Namely, there was a “previewer” program compiled for old macs (old macs used a PowerPC architecture, similar to the Gamecube and Wii)
I’ve been fiddling around with some of the files from the Dolphin SDK.
I had tried running this before, but got stuck on the program looking for a “prevload.txt” file in a specific directory.
After some digging around in various documentation and script files, I finally figured out what I needed to do.
The program looks for an inserted disc with the volume label “cp”. It then looks for the folder “cp:/cpdata/preview/”. This folder must contain the file to be previewed (in this case, Zebra.gpl) as well as a text file called “prevload.txt” (which just contains the name of the file to be previewed).
With all of these conditions met, the program should display the requested file.
Unfortunately my virtual machine setup seems to freeze (or in some cases crash) at this point. This seems to be an issue with SheepShaver not supporting 3D hardware rendering.
Ultimately, the next (and only) step to get this software running would be to try it out on a real old-school mac. And even if that works, I’m not sure whether I’ll be able to navigate the program (since it seems to use some sort of game controller).
Sorry for the lack of updates. I’ve been busy with a lot of personal work and travel lately.
Unfortunately I’ve run into a complication with work on the mod. My laptop seems to have some severe hardware issues (possibly motherboard-related) and is basically unusable at this point.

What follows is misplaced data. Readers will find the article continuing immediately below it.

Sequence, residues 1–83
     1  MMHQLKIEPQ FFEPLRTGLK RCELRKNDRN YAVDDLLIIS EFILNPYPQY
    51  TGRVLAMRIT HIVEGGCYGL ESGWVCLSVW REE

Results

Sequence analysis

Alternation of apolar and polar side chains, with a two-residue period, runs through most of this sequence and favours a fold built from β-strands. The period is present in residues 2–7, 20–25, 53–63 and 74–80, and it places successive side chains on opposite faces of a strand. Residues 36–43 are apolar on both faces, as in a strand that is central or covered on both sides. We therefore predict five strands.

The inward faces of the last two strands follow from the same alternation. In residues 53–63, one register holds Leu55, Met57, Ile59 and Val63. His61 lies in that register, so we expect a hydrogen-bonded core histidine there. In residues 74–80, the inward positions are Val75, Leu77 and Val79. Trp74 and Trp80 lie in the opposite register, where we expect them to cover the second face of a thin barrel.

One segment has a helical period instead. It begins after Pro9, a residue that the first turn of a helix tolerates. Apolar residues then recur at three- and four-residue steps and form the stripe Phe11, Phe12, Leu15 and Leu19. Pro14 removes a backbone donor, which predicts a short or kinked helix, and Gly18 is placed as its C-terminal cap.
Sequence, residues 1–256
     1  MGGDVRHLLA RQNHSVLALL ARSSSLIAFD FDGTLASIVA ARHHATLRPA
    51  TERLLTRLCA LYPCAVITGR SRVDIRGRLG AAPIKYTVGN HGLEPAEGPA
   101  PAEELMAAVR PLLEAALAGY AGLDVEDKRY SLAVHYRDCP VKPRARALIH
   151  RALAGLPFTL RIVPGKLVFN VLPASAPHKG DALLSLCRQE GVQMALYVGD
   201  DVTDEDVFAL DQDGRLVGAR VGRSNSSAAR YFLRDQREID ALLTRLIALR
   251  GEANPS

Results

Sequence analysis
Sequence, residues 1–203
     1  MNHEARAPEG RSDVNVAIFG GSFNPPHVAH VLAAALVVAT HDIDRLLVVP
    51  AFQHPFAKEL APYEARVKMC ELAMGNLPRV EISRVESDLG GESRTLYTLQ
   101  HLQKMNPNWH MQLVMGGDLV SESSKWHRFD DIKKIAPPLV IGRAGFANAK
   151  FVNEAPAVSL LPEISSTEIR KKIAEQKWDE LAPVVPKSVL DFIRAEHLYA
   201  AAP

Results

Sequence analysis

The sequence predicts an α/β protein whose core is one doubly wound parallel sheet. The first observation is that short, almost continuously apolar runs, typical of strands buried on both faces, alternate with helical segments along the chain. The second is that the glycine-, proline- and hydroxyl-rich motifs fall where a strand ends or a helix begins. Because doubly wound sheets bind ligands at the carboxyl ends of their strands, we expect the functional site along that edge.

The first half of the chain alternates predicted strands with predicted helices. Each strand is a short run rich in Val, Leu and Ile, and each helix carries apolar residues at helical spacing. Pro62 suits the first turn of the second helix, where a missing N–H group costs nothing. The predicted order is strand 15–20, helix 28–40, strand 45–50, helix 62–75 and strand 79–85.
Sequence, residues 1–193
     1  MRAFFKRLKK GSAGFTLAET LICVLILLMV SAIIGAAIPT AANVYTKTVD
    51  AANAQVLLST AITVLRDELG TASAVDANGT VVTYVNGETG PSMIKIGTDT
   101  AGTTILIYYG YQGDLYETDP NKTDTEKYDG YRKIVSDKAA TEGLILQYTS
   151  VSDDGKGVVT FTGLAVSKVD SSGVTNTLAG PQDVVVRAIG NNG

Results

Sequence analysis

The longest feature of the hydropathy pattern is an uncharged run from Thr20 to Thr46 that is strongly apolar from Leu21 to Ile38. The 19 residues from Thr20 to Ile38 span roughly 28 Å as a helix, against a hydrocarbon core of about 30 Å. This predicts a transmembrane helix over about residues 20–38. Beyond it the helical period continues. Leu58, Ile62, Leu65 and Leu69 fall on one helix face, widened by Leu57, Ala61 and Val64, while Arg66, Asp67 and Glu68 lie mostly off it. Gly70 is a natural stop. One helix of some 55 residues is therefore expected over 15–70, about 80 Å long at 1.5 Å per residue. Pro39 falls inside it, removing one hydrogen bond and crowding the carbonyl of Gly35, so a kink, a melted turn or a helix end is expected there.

I’m looking into options for buying (or possibly building) a new computer, and will hopefully be able to resume work on the project within the next month or two.
Sorry for the inconvenience.
Using some diagnostic tools, I was able to determine that the issue was the dedicated graphics card.
I’ve been able to forcefully disable the dedicated graphics through the BIOS/drivers. This means that the laptop is now usable.
However, it severely impacts performance, since now all graphical processes (i.e. rendering anything on screen) are now forced onto the CPU. So it’s not really feasible for anything beyond basic tasks (i.e. web browsing, document editing, etc.). And even those tasks run slower and hotter than they would have previously.
There are also some bugs (e.g. can’t output video to an external screen, can’t adjust brightness, etc.). So I’m still going to be looking into getting a new computer.
I managed to figure out some of the software from the Gamecube SDK.
It looks like some of the SDK includes binaries built for the legacy mac platform.
Old Macintosh computers used the same PowerPC architecture (as opposed to other computers that used the Intel x86 architecture) as the Gamecube. This means that running software for the Gamecube would require either the actual dev kit hardware (known as HW1 or HW2), or a Mac.
There was also the official Dolphin emulator (not to be confused with the current fan project Dolphin Gamecube/Wii emulator), but that could only emulate certain aspects of the hardware. You’d still need a mac or dev kit to run most things.
So, after some trial and error, I managed to get an old copy of Mac OS 9 running in a virtual machine known as SheepShaver.
I then got the preview program (an app from the SDK to view the character models/textures) to extract and open. But when trying to run it, it fails after saying a needed file (prevload.txt) couldn’t be found. Documentation on getting this to run is sketchy at best.
I’ll need to do more digging to figure out the full configuration needed to get the app to run. I read something about setting “CP_Root environment variables” in the SDK documentation, so that might be my next step.
I also tried getting my hands on a trial copy of 3DS Max (the software used by devs to create models). But then I found out that 3DS Max Plugins are version specific, so I’d need the old 3DS Max v3.1 to use the Gamecube plugins from the SDK to import/export models. And this will likely also require I use a virtual machine with an old version of Windows (e.g. Windows 98) to run it.